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Remembered Today:

SIGNALLER


Guest gill88
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Sorry if this is so simple for this forum,

I have just discovered my grandfather was a signaller with the Durham LIght Infantry during the WW1.

Just what did a signaller do?

Thank you.

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welcome to the forum

I guess he would send messages but cant really elaborate as Ive never researcher someone of this rank

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There were several layers of Signalling duties in the Army linked in with the levels of command in the Army : Army, Corps, Division, and Battalion.

The duties of the first three (highest) levels were done by the Royal Engineers, but at Battalion level these duties were carried out by Signallers (which described there duty/"trade" rather than their official rank of Private, Corporal, etc.)

At battalion level the Signalling duties usually meant communicating between the Company (4 companies of approx. 250 to a battalion for most of the war) and Platoon commanders (4 platoons to a Company) and their superiors in the trenches.

At this level of command, and with the technology available it usually meant being a Runner and carrying messages by hand to the appropriate officers. The life expectancy of a Runner was really rather short, especially if it meant running back across No Man's land to carry a message back to Battalion HQ in the middle of a battle with shells falling around you!

A rather safer duty was telephone signalling which, though more limited at battalion level than the higher levels. Of course, fixing wires during attacks wasn't a plum job either.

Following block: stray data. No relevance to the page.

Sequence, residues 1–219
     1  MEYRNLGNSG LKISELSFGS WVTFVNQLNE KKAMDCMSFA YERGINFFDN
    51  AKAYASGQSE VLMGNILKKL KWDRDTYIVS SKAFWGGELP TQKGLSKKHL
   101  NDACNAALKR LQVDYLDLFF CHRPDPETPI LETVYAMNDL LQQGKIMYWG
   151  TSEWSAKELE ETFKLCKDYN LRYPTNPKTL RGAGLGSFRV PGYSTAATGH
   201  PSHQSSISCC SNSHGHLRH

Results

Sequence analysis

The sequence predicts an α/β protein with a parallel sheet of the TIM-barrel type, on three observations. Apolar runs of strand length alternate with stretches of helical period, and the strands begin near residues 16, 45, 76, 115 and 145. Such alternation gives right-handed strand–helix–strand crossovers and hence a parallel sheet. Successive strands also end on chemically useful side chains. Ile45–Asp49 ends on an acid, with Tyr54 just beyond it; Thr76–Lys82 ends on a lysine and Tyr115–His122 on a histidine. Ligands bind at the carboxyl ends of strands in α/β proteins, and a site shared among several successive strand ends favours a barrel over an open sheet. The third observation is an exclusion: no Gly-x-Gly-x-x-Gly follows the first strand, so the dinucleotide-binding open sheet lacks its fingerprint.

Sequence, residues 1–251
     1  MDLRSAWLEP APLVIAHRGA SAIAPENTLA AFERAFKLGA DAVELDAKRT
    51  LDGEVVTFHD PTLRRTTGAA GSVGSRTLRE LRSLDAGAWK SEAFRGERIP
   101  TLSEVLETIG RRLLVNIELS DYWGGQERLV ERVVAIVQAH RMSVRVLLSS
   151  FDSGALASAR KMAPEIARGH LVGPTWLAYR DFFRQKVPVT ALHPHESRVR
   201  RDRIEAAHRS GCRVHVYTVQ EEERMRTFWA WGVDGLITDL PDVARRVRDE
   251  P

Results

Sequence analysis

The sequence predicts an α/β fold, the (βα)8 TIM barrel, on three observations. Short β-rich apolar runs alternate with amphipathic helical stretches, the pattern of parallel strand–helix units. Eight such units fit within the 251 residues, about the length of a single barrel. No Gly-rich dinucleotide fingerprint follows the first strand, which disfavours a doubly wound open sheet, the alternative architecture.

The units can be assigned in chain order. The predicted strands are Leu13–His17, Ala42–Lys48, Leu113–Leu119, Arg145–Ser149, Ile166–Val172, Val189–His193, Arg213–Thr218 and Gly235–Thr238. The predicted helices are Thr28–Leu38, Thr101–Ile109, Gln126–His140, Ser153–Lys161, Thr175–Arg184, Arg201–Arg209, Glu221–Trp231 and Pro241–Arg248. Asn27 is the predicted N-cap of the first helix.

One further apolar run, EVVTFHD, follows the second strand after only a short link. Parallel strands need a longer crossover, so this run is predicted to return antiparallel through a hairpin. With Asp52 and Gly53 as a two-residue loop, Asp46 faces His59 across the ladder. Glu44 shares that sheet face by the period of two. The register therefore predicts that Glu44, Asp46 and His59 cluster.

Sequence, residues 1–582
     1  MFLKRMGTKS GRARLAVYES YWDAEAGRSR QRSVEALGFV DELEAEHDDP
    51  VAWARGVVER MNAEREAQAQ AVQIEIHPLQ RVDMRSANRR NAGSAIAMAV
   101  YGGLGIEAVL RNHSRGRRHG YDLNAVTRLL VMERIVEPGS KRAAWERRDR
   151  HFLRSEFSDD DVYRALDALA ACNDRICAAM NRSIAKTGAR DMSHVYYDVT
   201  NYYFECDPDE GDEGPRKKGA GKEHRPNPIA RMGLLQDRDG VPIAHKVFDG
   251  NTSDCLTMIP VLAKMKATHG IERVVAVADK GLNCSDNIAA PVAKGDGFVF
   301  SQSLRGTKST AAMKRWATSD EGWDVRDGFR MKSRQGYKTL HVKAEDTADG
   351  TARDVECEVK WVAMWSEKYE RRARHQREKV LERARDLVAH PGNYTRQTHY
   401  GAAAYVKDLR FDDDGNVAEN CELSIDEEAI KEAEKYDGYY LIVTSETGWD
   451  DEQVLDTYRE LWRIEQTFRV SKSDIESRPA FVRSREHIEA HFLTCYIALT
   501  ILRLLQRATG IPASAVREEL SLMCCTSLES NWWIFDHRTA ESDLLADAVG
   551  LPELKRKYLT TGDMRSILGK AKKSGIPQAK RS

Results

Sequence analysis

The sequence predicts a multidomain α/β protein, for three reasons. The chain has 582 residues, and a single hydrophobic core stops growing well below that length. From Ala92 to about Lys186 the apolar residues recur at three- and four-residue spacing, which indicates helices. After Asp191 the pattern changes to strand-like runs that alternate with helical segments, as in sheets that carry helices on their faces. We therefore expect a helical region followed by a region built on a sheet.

The Heliograph and Signalling lamps were rather "tried and tested" by the First World War. I don't know how far back the actually go but I know they were in use in the 1890s. (EDIT: In use since ancient times, the Heliograph was reinvented by Sir Henry Mance, around 1870-1875 in various versions and patented in the US in 1876! I know useless information... It was still in use during WW2 I think - I believe the visual signalling devices on battleship bridges were types of heliograph but powered by electricity instead of the sun. My great uncle got chased down a mountain (Saran Sar, 1897) by Afridi Tribesmen after ascending to send Heliograph messages.)

Lastly, the use of semaphore flags was also practiced, but standing up and waving a flag around was not considered the safest of things when bullets and shells are flying.

Hope this helps,

Steve.

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That was a link I thought I might post!

Didn't realise that was you...

Steve.

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The Royal Signals Museum at Blandford Camp is worth visiting and has some good material on WW1. Was there just over a week ago and found them most helpful.

Edwin

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Thank you to everyone who wrote.

I now have an idea what my grandfather did. I assume he was a signaller at battalion level. Wonder just what duties he did carry out.

Thanks again

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